Property Buying Tip #7 – Understand the Process
Finding a property
In the first part of this series, we have covered the areas of Know What You Can Afford and Know What You Want. The next step will be finding the property you wish to acquire and set the wheels in motion.
Finding this property will happen via any one of various channels, including agents, online marketing and property portals, direct contact, etc. In this time you will most likely view a couple of properties. It can be an information overload, but the most important thing is to keep a cool mind and remember the items you decided on before starting (price, type, size, etc.).
Signing an Offer to Purchase or Sales Agreement
Once you have found the property you want, the next step will be to sign an Offer to Purchase or a Sales Agreement. This differs depending on who you purchase from. If you are buying a house from an individual, you will most likely sign an Offer to Purchase, which they will have to accept and sign as well. In most cases, this will happen via a 3rd party such as an agent or real estate broker. If you are buying from a Developer, chances are you will sign a Sales Agreement, because the conditions of the sale are seldom negotiable and will have a low chance of changing.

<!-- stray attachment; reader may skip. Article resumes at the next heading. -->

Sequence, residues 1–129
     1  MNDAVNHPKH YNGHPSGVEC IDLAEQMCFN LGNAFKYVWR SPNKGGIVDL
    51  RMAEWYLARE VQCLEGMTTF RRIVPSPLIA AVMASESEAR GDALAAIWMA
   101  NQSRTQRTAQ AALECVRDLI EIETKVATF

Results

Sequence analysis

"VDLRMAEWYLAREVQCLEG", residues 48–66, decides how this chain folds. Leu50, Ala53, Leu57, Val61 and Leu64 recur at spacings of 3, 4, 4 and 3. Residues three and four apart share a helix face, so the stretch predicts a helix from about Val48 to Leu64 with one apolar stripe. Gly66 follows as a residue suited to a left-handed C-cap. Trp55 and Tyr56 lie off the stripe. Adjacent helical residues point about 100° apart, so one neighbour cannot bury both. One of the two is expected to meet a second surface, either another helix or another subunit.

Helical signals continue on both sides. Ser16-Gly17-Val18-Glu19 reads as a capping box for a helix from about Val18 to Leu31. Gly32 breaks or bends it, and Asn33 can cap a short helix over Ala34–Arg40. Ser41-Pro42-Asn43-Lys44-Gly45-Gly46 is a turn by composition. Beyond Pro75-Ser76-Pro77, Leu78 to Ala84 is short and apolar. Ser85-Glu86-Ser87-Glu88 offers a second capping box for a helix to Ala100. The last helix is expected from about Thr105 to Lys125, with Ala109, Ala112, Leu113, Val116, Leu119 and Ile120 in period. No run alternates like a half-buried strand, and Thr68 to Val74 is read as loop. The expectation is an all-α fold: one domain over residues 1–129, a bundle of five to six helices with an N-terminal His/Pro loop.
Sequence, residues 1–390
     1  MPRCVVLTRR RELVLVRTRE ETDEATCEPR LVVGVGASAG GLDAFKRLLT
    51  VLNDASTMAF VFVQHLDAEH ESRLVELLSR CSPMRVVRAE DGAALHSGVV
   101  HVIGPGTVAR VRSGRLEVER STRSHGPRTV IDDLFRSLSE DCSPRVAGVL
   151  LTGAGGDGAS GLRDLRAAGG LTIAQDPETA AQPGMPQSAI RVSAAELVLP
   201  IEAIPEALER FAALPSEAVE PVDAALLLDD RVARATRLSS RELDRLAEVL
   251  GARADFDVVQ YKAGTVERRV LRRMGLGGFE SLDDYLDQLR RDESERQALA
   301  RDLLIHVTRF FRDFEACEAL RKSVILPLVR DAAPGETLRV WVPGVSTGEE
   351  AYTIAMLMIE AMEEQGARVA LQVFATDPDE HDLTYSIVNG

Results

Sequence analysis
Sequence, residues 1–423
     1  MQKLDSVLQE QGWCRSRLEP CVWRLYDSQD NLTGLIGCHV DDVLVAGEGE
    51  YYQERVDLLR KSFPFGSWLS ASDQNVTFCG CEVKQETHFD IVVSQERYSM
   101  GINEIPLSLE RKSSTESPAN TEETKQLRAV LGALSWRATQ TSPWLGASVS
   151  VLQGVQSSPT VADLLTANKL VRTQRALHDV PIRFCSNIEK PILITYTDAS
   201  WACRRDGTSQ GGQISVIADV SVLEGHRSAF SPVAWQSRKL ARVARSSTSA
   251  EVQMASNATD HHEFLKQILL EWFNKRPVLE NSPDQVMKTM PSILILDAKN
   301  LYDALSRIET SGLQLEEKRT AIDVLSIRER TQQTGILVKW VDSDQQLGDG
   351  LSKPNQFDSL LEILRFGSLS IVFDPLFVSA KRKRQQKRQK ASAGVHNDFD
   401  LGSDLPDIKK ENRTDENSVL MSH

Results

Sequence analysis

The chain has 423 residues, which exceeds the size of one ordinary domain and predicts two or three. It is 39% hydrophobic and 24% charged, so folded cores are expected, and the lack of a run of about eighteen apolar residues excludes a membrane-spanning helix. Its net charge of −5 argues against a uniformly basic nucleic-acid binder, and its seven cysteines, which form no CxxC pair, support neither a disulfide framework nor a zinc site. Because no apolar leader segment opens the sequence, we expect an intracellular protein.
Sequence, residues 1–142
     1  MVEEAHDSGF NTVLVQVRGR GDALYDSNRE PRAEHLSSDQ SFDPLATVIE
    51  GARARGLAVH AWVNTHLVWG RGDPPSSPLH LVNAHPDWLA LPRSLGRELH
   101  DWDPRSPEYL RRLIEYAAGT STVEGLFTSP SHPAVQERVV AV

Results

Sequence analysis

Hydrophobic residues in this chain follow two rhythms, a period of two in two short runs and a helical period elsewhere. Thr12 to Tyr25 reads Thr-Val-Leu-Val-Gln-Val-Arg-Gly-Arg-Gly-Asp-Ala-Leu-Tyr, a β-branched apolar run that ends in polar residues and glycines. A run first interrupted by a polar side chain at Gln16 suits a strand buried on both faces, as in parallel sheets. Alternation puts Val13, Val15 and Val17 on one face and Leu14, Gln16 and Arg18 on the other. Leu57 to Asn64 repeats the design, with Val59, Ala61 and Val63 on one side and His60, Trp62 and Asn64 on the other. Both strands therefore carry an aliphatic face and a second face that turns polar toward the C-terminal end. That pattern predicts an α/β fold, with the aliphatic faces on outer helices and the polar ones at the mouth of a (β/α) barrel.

In both these agreements, you will find the likes of (but not limited to):
- The purchase price of the property
- Deposit amount or requirements
- Suspensive conditions (i.e. timeframe to get bond finance)
- Occupation Date (Will be discussed in more details in a future article)
Read these agreements carefully, because they will contain all the details of the transaction.
Applying for Finance
Once the offer is accepted by the Seller or the Agreement signed, you will have to apply for mortgage finance to purchase the property or deliver guarantees if you are buying it as a cash deal. The purchase will only be binding if your finance conditions are met, and the timeline in which you have to comply with this will be set out in the agreement or offer.
You will require a signed agreement or offer to apply for a bond. The application will cover personal information, Fica, proof of income and expenses to determine if you can afford the property and if you have an acceptable credit score. After completing the application, most institutions will give you an answer (or offer) within 5 business days.